Adsorption decontamination of radioactive waste solvent by activated alumina and bauxites [electronic resource].
- Washington, D.C. : United States. Dept. of Energy, 1994. and Oak Ridge, Tenn. : Distributed by the Office of Scientific and Technical Information, U.S. Dept. of Energy.
- Physical Description:
- 31 pages : digital, PDF file
- Additional Creators:
- Westinghouse Savannah River Company, United States. Department of Energy, and United States. Department of Energy. Office of Scientific and Technical Information
- An adsorption process utilizing activated alumina and activated bauxite adsorbents was evaluated as a function of operating parameters for the removal of low level radioactive contaminants from organic waste solvent generated in the fuel reprocessing facilities and support operations at Savannah River Site. The waste solvent, 30% volume tributyl phosphate in n-paraffin diluent, was degraded due to hydrolysis and radiolysis reactions of tributyl phosphate and n-paraffin diluent, producing fission product binding degradation impurities. The process, which has the potential for removing these activity-binding degradation impurities from the solvent, was operated downflow through glass columns packed with activated alumina and activated bauxite adsorbents. Experimental breakthrough curves were obtained under various operating temperatures and flow rates. The results show that the adsorption capacity of the activated alumina was in the order 10⁴ dpm/g and the capacity of the activated bauxite was 10⁵ dpm/g. The performance of the adsorption process was evaluated in terms of dynamic parameters (i.e. adsorption capacity, the height and the efficiency of adsorption zone) in such a way as to maximize the adsorption capacity and to minimize the height of the mass transfer or adsorption zone.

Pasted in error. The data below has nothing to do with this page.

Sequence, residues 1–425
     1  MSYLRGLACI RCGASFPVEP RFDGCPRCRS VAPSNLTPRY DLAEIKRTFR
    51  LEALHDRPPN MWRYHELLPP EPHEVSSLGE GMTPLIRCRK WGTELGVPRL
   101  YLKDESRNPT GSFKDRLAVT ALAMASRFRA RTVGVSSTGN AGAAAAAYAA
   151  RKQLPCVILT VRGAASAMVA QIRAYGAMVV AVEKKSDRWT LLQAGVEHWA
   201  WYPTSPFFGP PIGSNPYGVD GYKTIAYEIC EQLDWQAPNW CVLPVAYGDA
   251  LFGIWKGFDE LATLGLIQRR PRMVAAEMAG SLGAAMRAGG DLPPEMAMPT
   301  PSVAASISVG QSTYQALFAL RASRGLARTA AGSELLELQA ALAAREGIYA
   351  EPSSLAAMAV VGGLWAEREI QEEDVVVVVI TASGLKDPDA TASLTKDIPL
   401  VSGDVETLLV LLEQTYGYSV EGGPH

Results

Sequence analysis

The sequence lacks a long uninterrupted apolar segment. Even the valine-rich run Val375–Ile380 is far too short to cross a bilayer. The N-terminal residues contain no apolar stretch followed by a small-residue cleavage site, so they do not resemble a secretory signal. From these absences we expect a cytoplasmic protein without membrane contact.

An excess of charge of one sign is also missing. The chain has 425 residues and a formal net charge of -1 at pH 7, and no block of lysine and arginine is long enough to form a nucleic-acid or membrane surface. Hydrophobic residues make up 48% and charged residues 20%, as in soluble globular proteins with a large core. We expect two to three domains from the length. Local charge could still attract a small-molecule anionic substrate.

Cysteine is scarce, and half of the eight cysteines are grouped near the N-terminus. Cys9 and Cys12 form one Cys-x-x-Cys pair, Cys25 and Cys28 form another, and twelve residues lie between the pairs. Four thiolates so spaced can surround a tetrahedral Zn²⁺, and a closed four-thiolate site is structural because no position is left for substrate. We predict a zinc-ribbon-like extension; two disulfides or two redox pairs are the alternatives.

- Published through SciTech Connect., 10/01/1994., "wsrc-ms--94-0443", "DE95000747", and Marra, J.C.; Kyser, E.A.; Hassan, N.M.
- Type of Report and Period Covered Note:
- Topical; 12/31/1994 - 12/31/1994
- Funding Information:
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